Reproductive biology and population genetics of trees
My research focuses on the genetics of tree populations, human impacts (e.g. fragmentation, logging) on such populations and applications to issues of use and conservation in natural and agro-ecosystems. Recent research has focussed on the genetic effects of fragmentation on remnant stands and trees, which are currently under debate. Whilst fragmentation may reduce populations below critical size and gene flow to levels below that needed to prevent genetic drift, it may also increase or alter patterns of gene flow between remnant populations. Consequently, even in severely fragmented landscapes, remnant forest patches and trees may be effective and important in conserving genetic diversity.
With Tonya Lander and Stephen Harris we studied how land-uses vary in the degree to which they present a barrier to, or facilitate, gene flow, depending on the ecological requirements of the organism and the ecological attributes of the matrix. The study focused on an endangered endemic tree from Chile, Gomortega keule (queule; Gomortagaceae), using an ecologically explicit landscape. Our results have significant implications for; theoretical landscape ecology, how habitat corridors and biological reserves are designed, and landscapes maybe simultaneously managed for conservation, economic and social value. This was part of a Darwin Initiative project.
As part of the SEEDSOURCE project (with Paul Rymer, Christina Vinson) we used field and laboratory techniques to study the genetic resources of neotropical trees (partners in Brazil, Costa Rica, Ecuador, UK, France, Germany, Italy). The overall aim was to provide best practice for sourcing tree germplasm for use within degraded landscapes to ensure the use of best adapted material, that maximises production, without eroding genetic and ecosystem diversity and long term adaptive potential. Integration of climatic, topographic and substrate information with genetic differentiation and diversity estimates from non-coding and potentially coding genetic markers and adaptive performance from growth trials to produce appropriate translocation guidelines for 16 study species. Work at Oxford covered Cordia alliodora, Pachira quinata, and Swietenia humilis.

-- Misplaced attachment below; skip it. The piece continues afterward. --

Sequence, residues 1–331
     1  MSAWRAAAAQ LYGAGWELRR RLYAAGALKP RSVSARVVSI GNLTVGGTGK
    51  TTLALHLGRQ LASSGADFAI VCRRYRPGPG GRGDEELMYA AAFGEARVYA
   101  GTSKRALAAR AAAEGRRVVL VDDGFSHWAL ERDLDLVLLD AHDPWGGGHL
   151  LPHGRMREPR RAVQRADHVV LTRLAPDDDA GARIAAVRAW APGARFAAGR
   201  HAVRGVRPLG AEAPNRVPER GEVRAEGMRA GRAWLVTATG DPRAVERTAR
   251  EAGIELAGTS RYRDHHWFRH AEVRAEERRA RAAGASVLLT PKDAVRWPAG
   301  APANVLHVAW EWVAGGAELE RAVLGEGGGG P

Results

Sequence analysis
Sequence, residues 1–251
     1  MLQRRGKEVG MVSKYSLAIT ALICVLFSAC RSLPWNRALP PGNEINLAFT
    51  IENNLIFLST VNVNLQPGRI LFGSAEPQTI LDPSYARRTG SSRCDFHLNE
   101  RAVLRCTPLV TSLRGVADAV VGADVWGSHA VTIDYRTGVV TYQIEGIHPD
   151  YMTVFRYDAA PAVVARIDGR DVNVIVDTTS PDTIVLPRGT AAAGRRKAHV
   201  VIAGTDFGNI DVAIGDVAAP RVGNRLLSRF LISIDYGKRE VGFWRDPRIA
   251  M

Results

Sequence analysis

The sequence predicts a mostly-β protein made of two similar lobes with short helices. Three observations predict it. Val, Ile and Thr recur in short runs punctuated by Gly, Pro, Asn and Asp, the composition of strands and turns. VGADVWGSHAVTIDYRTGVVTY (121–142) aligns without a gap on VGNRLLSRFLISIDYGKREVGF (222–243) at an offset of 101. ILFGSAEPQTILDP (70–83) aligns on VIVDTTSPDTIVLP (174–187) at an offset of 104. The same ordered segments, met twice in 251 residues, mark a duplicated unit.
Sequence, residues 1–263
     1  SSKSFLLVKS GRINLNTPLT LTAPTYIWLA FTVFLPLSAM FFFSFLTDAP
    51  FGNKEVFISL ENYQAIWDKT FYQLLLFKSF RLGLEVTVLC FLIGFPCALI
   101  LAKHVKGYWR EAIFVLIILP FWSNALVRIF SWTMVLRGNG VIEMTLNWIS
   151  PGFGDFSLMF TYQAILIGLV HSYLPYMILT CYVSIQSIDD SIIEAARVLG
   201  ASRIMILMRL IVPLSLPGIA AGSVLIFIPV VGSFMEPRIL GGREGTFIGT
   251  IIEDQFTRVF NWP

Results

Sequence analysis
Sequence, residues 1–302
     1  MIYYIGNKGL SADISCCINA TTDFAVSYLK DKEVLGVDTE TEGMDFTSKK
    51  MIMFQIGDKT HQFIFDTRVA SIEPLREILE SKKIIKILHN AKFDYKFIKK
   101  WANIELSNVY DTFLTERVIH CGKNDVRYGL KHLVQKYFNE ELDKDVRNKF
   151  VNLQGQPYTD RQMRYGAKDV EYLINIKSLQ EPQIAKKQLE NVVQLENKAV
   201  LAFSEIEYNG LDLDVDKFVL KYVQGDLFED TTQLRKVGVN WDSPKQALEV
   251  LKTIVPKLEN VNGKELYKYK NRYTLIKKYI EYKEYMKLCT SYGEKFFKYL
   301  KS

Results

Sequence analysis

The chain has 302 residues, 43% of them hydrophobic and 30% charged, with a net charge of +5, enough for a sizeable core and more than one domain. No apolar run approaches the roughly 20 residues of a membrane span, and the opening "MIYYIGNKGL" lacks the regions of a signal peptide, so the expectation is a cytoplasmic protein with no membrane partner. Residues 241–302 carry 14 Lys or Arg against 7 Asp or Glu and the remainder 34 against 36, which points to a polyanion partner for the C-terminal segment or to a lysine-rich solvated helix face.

Application of research results
I am also interested in knowledge exchange through the development of appropriate materials. As part of the SEEDSOURCE project and in conjunction with Bioversity International (for whom I am an Honorary Research Fellow), I have developed a series of training modules for use in the teaching of forest genetic resources. Each module uses actual data and visual teacher resources to examine the relevance and use of genetic information in the formulation and implementation of conservation actions. With Jesus Cordero-Salvado and researchers at CATIE, we published the book Central American trees: source book for extension workers. This book was also the focus for a training programme on the production of extension materials throughout Central America.